I have always loved still-hunting for deer, the art of moving slowly, one step at a time, watching and stalking. And always being ready for that split-second shot when the opportunity presents itself. I set a course to the other end of the property. That trek produced nothing. I decided to investigate a favorite place at this corner of the property before turning around. It is a long, steep-sided hollow where I have spent many hours in deer season and holds many special memories. The longest shot I ever made on a deer was here more than 20 years ago when I dropped a big doe with a single well-placed shot across the widest point of the hollow. I have filled a few doe tags here but never have got a shot at a buck.

As I began my sneak down the side of the hollow, I recalled a foggy morning I was at the same spot. Three deer dashed in front of me, one of them the biggest buck I had ever seen in hunting season. I was unable to get a shot before they instantly disappeared into the gloom, and I will never forget that memory. After early overcast, the sun now lit the hollow. I plopped down on a convenient tree stump for a rest and to enjoy the beautiful morning.

As I sat there, I thought about the many times I had posted along the side of this hollow, relentlessly waiting for a buck to appear along one of the many game trails it contained. How many times I pictured a nice buck coming my way, right up to me on one of the main trails. The closest that scenario ever came to fruition was one time when a doe and a fawn made that trip right past me one afternoon. I also began to contemplate my next move. Maybe I would sit here for a while and then hunt my way back to the truck. Maybe I would be home in time to watch the Alabama-Auburn game that afternoon.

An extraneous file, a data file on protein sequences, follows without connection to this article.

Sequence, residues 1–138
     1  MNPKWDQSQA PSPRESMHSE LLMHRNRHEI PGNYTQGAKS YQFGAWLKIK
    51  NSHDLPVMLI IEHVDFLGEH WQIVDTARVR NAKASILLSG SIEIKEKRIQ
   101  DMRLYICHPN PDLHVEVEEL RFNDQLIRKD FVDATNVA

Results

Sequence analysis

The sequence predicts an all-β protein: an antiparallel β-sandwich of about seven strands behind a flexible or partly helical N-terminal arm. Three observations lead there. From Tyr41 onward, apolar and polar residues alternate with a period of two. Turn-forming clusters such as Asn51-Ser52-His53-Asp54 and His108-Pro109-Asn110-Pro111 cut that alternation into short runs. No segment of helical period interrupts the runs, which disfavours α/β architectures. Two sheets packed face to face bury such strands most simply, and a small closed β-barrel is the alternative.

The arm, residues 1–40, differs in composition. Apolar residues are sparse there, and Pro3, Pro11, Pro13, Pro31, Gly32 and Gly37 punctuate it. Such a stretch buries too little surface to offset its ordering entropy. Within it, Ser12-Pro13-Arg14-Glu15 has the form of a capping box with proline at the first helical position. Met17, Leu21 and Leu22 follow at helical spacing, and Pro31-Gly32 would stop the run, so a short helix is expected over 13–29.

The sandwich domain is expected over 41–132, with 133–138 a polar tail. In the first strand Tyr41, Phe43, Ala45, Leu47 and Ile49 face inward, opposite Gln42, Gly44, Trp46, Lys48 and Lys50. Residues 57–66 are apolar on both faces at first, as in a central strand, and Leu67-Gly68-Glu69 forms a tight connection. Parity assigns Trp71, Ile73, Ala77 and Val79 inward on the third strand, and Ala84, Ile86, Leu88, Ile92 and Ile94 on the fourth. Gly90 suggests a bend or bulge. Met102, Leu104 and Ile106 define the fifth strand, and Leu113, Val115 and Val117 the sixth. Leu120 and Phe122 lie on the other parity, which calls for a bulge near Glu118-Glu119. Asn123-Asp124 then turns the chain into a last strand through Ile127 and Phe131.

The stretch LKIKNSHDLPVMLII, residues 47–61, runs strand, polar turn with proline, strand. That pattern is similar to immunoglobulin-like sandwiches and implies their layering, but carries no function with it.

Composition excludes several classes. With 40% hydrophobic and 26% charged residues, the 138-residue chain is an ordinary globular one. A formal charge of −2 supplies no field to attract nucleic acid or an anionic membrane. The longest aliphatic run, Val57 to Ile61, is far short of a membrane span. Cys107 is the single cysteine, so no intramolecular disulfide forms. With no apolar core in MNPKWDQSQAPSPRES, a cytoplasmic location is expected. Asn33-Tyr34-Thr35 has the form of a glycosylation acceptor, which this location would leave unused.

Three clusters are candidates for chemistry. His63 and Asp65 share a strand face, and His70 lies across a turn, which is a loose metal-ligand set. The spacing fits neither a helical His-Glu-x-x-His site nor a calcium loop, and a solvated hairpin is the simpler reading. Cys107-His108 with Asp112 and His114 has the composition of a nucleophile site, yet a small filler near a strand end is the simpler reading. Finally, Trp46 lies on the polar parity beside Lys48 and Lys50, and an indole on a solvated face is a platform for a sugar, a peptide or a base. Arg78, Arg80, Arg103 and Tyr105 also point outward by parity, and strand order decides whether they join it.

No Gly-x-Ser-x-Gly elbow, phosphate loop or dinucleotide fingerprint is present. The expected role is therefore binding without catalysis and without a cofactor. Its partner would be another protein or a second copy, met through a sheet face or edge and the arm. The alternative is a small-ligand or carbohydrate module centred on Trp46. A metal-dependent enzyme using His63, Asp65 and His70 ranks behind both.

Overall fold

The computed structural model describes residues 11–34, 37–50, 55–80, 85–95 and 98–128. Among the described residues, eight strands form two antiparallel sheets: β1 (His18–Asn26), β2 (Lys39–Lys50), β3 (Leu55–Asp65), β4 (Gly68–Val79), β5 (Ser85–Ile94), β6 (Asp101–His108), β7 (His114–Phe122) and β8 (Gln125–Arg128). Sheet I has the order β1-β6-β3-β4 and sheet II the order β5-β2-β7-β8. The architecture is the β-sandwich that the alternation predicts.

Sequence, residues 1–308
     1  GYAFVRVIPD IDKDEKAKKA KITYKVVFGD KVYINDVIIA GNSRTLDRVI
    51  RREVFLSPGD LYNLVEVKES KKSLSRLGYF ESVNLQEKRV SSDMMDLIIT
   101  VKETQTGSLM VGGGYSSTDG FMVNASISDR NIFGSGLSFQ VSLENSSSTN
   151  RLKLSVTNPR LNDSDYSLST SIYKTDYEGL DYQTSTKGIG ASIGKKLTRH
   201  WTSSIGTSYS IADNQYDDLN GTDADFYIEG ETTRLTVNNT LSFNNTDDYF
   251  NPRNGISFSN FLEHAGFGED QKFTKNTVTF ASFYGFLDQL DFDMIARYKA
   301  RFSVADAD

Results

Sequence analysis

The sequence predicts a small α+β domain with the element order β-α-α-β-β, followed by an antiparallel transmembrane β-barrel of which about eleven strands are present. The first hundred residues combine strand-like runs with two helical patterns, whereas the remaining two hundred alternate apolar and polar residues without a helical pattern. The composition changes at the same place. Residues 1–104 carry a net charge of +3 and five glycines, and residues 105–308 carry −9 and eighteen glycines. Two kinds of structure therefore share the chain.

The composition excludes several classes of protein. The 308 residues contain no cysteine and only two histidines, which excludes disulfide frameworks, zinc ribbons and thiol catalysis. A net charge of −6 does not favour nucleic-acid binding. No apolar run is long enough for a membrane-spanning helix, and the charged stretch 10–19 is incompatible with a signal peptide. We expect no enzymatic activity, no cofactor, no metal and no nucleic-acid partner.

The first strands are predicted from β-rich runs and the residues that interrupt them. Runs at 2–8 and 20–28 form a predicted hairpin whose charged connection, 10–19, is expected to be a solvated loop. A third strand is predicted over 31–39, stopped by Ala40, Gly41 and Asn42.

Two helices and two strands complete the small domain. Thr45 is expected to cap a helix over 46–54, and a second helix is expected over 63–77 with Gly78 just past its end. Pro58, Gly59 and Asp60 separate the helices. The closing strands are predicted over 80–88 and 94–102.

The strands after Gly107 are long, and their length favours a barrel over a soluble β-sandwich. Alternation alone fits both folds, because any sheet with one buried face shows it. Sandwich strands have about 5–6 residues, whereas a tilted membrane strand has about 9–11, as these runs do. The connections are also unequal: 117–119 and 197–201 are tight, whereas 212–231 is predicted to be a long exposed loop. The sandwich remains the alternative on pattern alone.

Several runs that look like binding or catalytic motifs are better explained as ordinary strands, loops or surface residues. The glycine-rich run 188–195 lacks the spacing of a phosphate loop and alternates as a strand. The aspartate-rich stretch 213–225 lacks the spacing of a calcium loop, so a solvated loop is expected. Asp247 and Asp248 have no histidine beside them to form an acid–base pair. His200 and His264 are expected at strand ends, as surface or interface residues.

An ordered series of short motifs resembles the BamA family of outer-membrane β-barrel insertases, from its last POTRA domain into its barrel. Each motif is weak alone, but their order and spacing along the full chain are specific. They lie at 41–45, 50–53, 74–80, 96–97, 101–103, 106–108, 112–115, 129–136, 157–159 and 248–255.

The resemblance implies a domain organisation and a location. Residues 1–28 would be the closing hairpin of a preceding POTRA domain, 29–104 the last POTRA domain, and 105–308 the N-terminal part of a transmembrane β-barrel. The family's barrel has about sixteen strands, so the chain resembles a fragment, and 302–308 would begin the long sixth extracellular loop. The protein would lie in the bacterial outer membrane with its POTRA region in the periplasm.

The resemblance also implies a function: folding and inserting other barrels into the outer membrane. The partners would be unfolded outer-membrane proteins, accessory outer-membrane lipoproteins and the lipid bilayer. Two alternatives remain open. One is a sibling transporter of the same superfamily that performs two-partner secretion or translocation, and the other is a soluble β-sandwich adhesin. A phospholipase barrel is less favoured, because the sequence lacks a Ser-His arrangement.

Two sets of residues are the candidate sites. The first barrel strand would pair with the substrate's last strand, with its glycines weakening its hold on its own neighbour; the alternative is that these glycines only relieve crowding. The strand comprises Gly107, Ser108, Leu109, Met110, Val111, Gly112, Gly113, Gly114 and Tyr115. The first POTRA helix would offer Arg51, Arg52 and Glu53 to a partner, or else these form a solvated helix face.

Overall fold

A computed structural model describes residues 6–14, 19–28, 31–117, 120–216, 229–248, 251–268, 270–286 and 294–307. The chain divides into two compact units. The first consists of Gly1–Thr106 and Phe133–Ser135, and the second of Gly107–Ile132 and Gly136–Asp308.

Then I caught a flash of movement at the bottom of the hollow 150 yards away. A deer. I shouldered my rifle and peered through the scope. It was a buck, and it was coming up the hill toward me.

The deer moved in and out of sight with the rugged terrain until it was about 50 yards away, giving me a decent look at its white antlers shining in the sunlight. It appeared to be at least a six-point and kept moving. I settled in for the shot. When the buck was about 30 yards away and still coming toward me, I opted for a heart shot, centering the crosshairs of my Winchester on its lower chest.

At the shot, the deer bounded to the side and disappeared down the steep slope, followed by a noisy crash. As I made my way down the hill, I realized how many times in my anticipation I had seen that buck coming up that hill over the last 40 years. As I stood over the pretty 8-point that anticipation had finally become a reality. And maybe like Yogi said, “It was like deja vu all over again.”